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Pall Mall

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Northumberland Avenue begins at Trafalgar Sqauare



Price $160

Rent                 $12

With 1 House...$  60
With 2 Houses...$180
With 3 Houses...$500
With 4 Houses...$700

With HOTEL $900

Mortgage Value $80

Houses cost $100 each

Hotels $100 plus 4 houses

If a player owns ALL the sites of any Color-Group, the rent is Doubled on Unimproved Lots in that group.


Charing Cross denotes the junction of the Strand, Whitehall and Cockspur Street, just south of Trafalgar Square in central London, England. It is named after a long demolished Eleanor cross which stood there, in what was once the hamlet of Charing. The site of the cross is now occupied by an equestrian statue of King Charles I. Since the second half of the 18th century Charing Cross has been seen as the centre of London. It is the primary of the central datum points for measuring distances from London along with the London Stone, Hicks Hall and the doors of St Mary-le-Bow church.

Northumberland Avenue is a London street, running from Trafalgar Square in the west to The Embankment in the east. The avenue was built on the site of Northumberland House, the London home of the Percy family, the Dukes of Northumberland.

Several British Government ministry departments are located in buildings located in Northumberland Avenue, among them DEFRA. The Ministry of Defence and the Air Ministry formerly occupied the triangular-shaped Metropole Hotel. The Nigerian High Commission, as well as a halls of residence for the London School of Economics are located there, opposite the pub the Sherlock Holmes.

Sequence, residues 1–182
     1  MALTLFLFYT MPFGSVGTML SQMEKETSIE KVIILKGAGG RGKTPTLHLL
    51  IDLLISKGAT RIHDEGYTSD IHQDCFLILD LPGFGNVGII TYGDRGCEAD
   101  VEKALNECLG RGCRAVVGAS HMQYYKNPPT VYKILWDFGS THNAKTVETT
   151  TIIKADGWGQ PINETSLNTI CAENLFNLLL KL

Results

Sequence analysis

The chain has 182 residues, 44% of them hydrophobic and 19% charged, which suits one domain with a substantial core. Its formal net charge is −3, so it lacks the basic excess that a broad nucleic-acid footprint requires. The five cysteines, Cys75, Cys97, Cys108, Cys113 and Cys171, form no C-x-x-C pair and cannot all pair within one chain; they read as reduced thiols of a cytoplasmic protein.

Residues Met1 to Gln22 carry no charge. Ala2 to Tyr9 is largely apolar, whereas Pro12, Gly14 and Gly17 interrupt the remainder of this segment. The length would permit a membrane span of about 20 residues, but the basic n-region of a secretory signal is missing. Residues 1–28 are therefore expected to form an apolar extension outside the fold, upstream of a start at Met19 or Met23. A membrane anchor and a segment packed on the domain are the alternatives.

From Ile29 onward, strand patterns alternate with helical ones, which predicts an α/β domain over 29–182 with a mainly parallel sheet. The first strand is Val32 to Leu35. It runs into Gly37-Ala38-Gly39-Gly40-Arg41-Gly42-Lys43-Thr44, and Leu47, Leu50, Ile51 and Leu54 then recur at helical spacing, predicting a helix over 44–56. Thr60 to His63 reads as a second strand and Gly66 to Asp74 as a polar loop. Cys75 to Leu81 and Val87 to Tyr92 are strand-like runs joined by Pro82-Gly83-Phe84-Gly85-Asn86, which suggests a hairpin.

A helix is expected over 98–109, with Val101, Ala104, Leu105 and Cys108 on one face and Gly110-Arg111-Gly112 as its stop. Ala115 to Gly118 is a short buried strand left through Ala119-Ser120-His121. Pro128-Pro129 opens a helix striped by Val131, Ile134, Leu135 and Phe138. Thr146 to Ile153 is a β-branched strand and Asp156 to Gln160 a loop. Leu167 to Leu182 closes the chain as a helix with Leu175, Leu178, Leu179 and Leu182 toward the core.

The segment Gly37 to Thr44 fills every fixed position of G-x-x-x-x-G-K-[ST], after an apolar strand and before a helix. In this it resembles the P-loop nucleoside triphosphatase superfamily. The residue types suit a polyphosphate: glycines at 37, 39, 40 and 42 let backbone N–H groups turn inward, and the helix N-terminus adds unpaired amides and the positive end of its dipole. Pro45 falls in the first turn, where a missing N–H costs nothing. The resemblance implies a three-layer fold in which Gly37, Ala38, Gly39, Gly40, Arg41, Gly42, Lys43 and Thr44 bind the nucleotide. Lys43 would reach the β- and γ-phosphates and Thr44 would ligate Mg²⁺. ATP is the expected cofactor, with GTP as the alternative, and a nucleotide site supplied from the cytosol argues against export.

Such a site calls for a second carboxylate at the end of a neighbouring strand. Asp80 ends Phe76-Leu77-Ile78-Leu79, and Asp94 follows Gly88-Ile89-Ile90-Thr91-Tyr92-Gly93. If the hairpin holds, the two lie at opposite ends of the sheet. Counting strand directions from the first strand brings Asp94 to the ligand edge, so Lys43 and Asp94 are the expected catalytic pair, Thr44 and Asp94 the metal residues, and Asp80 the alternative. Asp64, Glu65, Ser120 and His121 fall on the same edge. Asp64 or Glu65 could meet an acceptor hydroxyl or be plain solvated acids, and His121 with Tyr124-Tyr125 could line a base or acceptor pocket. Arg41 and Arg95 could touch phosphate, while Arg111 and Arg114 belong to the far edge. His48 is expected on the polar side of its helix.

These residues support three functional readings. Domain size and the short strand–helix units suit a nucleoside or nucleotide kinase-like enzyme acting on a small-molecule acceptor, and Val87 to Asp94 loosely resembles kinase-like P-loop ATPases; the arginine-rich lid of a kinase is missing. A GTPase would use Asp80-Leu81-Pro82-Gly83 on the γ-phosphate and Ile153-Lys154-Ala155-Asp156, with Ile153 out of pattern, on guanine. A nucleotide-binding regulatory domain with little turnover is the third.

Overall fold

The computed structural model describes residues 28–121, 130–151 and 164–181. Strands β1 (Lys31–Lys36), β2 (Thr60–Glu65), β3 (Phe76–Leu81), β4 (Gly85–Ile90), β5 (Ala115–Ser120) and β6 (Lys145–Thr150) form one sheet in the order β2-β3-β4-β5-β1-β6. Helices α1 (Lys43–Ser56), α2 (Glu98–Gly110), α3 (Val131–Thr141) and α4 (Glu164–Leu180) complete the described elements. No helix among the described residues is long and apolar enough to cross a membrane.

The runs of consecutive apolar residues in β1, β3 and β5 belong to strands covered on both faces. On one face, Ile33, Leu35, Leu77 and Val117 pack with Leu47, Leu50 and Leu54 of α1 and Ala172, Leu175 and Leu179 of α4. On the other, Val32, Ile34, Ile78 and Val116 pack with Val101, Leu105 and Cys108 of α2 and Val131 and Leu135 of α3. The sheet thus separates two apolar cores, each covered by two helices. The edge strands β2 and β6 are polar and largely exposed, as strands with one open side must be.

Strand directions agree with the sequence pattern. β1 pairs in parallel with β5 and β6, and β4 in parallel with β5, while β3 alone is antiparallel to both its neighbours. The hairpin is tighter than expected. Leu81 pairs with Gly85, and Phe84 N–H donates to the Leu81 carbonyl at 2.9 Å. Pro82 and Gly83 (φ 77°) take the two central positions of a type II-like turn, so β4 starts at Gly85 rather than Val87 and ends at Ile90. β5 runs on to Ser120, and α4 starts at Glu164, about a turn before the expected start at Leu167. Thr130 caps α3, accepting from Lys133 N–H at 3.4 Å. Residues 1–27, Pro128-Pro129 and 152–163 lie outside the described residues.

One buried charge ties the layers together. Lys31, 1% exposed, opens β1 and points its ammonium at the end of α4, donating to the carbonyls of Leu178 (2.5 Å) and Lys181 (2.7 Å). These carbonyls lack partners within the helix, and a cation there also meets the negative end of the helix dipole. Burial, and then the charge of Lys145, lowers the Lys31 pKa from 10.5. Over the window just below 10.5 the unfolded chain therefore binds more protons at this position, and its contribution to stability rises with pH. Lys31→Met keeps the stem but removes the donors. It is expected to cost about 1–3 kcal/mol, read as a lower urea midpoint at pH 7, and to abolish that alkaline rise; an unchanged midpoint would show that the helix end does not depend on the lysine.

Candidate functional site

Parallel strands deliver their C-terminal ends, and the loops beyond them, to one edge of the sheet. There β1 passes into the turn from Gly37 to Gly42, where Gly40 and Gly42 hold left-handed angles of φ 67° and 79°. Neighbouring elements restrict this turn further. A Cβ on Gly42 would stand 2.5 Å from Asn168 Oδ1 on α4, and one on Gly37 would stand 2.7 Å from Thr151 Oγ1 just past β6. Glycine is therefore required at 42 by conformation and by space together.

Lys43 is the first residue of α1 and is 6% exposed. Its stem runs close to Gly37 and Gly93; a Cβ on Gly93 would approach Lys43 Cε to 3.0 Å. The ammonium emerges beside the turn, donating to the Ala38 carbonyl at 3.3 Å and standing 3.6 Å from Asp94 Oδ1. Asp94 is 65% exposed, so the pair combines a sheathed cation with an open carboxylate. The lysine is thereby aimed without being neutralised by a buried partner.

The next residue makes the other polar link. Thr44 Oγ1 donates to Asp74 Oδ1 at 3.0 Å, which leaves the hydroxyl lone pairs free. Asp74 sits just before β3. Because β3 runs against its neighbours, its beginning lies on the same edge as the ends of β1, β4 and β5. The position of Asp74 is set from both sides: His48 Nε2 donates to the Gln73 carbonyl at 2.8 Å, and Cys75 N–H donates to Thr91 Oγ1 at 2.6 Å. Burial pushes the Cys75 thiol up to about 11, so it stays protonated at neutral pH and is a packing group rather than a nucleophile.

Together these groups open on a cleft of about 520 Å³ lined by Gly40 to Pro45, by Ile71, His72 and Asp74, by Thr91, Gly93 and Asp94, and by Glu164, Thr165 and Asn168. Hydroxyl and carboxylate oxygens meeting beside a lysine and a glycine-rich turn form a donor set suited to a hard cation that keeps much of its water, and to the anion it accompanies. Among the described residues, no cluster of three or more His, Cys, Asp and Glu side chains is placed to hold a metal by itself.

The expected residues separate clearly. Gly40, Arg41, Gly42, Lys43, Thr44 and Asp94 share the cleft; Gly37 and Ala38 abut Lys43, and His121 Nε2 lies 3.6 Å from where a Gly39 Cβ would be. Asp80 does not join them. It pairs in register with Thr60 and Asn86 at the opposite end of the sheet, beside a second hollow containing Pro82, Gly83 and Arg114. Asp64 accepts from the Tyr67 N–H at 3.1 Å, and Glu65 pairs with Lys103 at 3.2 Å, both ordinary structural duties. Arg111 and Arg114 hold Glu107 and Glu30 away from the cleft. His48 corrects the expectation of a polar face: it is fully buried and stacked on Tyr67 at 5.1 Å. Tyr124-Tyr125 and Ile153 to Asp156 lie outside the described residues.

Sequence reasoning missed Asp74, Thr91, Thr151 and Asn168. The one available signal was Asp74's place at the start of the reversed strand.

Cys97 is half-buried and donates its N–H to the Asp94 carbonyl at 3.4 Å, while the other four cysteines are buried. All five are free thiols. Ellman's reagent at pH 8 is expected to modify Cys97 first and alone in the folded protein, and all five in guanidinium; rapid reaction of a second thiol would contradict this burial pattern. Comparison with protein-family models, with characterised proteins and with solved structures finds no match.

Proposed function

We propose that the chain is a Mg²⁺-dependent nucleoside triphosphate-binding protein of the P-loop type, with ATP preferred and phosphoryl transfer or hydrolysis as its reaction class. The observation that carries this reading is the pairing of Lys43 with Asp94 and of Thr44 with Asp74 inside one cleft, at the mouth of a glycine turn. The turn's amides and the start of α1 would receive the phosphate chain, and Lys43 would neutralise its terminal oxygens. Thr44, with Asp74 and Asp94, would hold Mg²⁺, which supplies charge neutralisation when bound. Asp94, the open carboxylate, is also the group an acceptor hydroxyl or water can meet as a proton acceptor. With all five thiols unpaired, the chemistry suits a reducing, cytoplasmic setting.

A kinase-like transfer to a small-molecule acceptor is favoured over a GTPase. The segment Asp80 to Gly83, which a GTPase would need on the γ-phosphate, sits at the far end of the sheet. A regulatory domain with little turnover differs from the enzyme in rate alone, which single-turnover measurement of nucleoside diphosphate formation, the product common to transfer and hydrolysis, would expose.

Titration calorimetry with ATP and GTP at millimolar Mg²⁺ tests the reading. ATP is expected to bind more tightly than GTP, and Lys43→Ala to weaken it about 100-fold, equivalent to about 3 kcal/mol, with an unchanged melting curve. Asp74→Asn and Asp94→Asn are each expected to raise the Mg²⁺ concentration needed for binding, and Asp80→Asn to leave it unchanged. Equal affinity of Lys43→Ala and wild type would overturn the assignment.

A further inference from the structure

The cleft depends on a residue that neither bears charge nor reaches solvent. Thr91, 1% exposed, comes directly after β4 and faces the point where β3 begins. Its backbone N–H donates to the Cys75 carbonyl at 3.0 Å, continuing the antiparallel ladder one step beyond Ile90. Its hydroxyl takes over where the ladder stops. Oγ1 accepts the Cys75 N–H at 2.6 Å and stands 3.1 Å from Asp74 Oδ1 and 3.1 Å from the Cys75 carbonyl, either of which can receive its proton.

In 1608–09, the Earl of Northampton built Northumberland House on the eastern portion of the former property of the Chapel and Hospital of St Mary Rounceval, at Charing Cross. This was a considerable property consisting of house and gardens, running down to the river, and adjoining Scotland Yard - to the west. The house suffered some damage in the Wilkes' Election Riots of 1768, but the Duke saved his property by the expedient of opening the nearby Ship Ale House, which drew off the rioters.[1]

In June 1874, the whole of the Duke's property at Charing Cross, was purchased by the Metropolitan Board of Works for the formation of Northumberland Avenue.[1]

Thomas Edison's British headquarters, Edison House, were situated on Northumberland Avenue. Many prominent personalities of the day had their voices recorded there by the phonograph, including William Ewart Gladstone and P. T. Barnum; these recordings still exist today.



Price $140

Rent                $10

With 1 House...$  50
With 2 Houses...$150
With 3 Houses...$450
With 4 Houses...$625

With HOTEL $750

Mortgage Value $70

Houses cost $100 each

Hotels $100 plus 4 houses

If a player owns ALL the sites of any Color-Group, the rent is Doubled on Unimproved Lots in that group.


Whitehall showing the major UK Government buildings.